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Author Topic: adding yeast to dough, does order really matter?  (Read 796 times)

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Offline quietdesperation

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adding yeast to dough, does order really matter?
« on: January 09, 2020, 01:45:45 PM »
Tom,

  Hope this finds you well! I've seen lots of conflicting recommendations for when to add IDY to dough. My sense is for the home baker, it doesn't really matter all too much but would love to have your definitive recommendation.

thanks,
jd
"If more of us valued food and cheer and song above hoarded gold, it would be a merrier world" - the hobbit, jrr tolkien

Online The Dough Doctor

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Re: adding yeast to dough, does order really matter?
« Reply #1 on: January 09, 2020, 06:11:41 PM »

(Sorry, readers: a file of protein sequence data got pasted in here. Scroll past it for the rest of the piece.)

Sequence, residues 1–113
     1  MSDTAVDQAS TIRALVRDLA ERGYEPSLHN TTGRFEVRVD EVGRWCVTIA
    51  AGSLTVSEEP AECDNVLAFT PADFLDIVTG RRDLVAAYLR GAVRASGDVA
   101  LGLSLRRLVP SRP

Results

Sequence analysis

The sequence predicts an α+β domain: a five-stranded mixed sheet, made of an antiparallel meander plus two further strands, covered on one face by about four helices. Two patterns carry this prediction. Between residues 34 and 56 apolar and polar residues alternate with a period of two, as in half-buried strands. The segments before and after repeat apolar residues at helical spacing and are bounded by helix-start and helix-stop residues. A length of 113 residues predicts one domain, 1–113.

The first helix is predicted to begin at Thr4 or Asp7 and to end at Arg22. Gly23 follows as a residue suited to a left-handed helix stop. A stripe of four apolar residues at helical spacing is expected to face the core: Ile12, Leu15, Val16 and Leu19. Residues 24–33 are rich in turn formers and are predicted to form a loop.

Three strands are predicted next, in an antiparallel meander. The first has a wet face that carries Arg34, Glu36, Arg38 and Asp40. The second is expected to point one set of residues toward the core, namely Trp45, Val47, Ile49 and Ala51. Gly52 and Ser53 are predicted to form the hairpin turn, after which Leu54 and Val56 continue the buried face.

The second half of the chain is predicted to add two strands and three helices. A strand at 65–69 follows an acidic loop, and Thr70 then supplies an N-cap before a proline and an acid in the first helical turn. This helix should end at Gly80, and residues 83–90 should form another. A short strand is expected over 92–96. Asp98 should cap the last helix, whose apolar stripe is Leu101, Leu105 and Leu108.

JD;
Well, it all depends if you are mixing your dough by hand or using a mechanical mixing device. If you are mixing the dough by hand the IDY must be suspended in warm (100F) water prior to addition. The best way is to add it to the dough water in the mixing bowl, however, if you are using a mechanical mixing device where the total mixing time will be 5-minutes or more the preferred way to add the IDY is to just add it (dry) right on top of the flour when you begin mixing. If the total mixing time will be less than 5-minutes it is recommended that the IDY be first suspended in 100F water and mixed into the dough water prior to beginning the mixing process.
Tom Lehmann/The Dough Doctor

Offline Pete-zza

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Re: adding yeast to dough, does order really matter?
« Reply #2 on: January 09, 2020, 06:37:27 PM »
QD,